Your Guide to Mitochondrial Disorder and Treatment
Subclinical Mitochondrial Disorder
Could a mitochondrial disorder be having an effect on your overall quality of life? One does not need to have a documented and diagnosable mitochondrial disorder to suffer symptoms of mitochondrial weakness. Be on the look out for fatigue, a low energy state, insomnia, water retention, low body temperature, reduced thyroid function, reduced gastric assimilation, a weak urine stream, menstrual irregularity, constipation, dry skin, and an unstable mood. Signs and symptoms of a mitochondrial disorder may be subtle, but they are clearly visible if you are on the alert. They point to a body that has reduced energy output from the mitochondria. These symptoms are similar to those experiencing hypothyroid or adrenal gland diseases such as Adrenal Fatigue Syndrome (AFS). Viewed objectively, it is clear that the body is unable to go into overdrive when called upon. There is not enough fuel. It is like a car that moves slowly despite the gasoline pedal in full open throttle.
As AFS progresses from mild to severe, peripheral organ resistance frequently develops. Thyroid replacement becomes less effective, and organ resistance to cortisol surfaces. In order to achieve the same therapeutic effect, hormonal dosages must be increased. Not everyone can tolerate higher doses, which has many undesirable side effects, including anxiety, heart palpitations, and insomnia.
With organ resistance, fewer hormones are able to reach the mitochondria to facilitate its function. Less energy will be produced as a result. A state of subclinical mitochondrial disease is, therefore, an inescapable reality for many. Practically speaking, almost everyone in advanced stages of AFS will have certain degrees of mitochondrial weakness and lowered energy output, even if there is an absence of clinical diagnosable mitochondrial disease.
Without fortifying the mitochondria as the adrenals are healing, overall recovery from AFS is often slow and retarded. That is why mitochondrial fortification should be part of every comprehensive adrenal fatigue recovery program. The key is to know when to support the mitochondria, as bad timing can make AFS worse, especially in advanced stages.
Strategies for those with Adrenal Fatigue Syndrome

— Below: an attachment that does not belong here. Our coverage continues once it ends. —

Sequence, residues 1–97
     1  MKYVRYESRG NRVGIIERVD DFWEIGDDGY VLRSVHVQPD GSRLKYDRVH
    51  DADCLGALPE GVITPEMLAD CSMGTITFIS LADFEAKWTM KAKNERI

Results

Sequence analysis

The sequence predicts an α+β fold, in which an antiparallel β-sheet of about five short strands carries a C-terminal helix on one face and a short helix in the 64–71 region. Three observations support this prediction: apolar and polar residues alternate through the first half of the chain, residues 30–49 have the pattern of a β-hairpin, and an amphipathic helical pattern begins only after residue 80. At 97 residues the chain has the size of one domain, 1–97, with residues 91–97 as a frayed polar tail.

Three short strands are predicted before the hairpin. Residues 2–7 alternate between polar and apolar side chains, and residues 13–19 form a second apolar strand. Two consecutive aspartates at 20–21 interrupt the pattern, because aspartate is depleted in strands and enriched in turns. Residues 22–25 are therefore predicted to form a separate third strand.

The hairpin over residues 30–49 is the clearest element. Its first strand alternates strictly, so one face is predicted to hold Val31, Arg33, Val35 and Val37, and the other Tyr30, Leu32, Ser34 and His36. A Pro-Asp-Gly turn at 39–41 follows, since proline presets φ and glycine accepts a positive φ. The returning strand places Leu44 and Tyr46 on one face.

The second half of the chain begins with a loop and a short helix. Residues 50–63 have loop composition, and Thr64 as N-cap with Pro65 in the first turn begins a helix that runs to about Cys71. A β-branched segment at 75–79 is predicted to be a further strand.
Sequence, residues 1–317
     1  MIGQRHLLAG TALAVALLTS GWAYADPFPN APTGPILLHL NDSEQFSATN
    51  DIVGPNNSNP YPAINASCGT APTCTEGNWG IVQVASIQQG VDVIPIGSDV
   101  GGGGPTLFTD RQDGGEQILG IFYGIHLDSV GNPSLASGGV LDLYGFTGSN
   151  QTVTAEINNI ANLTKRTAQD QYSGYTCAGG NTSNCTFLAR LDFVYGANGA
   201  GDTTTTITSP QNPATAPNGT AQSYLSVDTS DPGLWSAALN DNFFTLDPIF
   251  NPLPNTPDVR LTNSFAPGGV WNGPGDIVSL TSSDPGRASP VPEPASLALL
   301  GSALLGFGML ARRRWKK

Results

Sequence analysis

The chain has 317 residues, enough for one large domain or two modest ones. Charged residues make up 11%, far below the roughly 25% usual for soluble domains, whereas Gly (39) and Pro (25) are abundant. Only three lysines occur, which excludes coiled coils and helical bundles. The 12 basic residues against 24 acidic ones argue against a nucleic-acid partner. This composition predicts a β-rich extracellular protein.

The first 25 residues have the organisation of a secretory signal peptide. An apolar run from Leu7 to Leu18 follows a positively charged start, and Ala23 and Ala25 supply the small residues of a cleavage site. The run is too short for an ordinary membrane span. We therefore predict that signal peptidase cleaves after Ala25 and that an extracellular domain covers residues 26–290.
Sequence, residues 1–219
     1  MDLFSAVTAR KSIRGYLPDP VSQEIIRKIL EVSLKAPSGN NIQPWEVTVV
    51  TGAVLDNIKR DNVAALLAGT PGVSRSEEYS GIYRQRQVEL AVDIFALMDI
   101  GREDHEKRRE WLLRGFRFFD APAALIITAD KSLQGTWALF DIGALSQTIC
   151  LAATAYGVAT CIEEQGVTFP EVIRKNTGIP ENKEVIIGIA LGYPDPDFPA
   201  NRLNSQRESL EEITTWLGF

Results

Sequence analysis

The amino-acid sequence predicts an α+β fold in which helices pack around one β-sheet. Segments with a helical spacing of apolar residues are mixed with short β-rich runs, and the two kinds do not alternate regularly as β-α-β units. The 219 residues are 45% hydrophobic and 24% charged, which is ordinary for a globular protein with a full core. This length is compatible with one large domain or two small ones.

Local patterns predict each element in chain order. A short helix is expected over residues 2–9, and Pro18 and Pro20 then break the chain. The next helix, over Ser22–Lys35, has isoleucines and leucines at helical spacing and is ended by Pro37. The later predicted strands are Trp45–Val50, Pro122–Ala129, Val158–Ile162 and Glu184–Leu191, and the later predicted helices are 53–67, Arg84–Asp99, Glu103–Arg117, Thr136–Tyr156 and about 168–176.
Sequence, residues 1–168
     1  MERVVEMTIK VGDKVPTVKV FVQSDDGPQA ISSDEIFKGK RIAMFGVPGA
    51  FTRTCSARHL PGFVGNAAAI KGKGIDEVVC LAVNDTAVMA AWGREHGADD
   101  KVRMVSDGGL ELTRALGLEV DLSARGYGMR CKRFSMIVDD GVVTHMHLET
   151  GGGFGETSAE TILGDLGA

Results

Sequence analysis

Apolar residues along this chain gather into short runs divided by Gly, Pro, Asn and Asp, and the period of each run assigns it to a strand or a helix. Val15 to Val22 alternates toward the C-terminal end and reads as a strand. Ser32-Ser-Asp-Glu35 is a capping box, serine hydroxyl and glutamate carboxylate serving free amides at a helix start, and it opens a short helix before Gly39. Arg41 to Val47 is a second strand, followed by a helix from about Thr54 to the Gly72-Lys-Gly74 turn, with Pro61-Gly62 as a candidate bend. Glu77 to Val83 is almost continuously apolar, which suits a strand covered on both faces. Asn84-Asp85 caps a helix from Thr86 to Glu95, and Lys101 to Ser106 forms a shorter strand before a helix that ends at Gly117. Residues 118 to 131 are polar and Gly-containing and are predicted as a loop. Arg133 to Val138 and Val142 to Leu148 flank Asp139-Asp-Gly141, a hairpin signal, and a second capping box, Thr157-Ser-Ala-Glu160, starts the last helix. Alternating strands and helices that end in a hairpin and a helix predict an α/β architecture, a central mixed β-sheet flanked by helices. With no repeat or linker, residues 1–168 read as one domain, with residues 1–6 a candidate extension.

If you have mitochondrial disorder and AFS concurrently with fatigue as the primary symptom, helping mitochondrial function should reduce fatigue in principal. This is true if AFS is in the early stages where fatigue is mild to moderate.
There are caveats, however. A significantly positive energy response with mitochondrial support may mask underlying unresolved adrenal problems. Energy levels can quickly reduce as mitochondrial support is withheld. It is important therefore that mitochondrial and adrenal support be concurrent but balanced. That way, when mitochondrial support is stopped, the adrenals are strong and well healed in order to continue unassisted and avoid any adrenal crashes. Failure to consider this two-pronged balanced approach is a common recovery mistake.
If you are in advanced stages of AFS when fatigue is moderate to severe, or if you are house bound and have little energy to do but basic chores of normal living, embarking on mitochondria supplementation should begin only after the adrenals are stable, internal toxin levels reduced, the liver decongested, and the extracellular matrix cleansed. Dosage should start at a very low dose and titrate upwards to reach therapeutic goals.
Due to the prevalence of paradoxical reactions in advanced AFS, do not be surprised if the body rejects any of these good nutrients, even at low dosages. The more advanced the AFS, the higher the risk. It is not unusual for paradoxical reactions to surface, where fatigue is worsening. Exaggerated positive responses may also surface, resulting in a sense of anxiety, irritability, insomnia, and heart palpitations. Both are undesirable and indicate dosage and delivery system adjustments are needed. Both occur when the mitochondria are overstressed or receptor site sensitivity increased. It is a sign that the body is not quite ready for mitochondrial support.
Catabolic State and Mitochondrial Support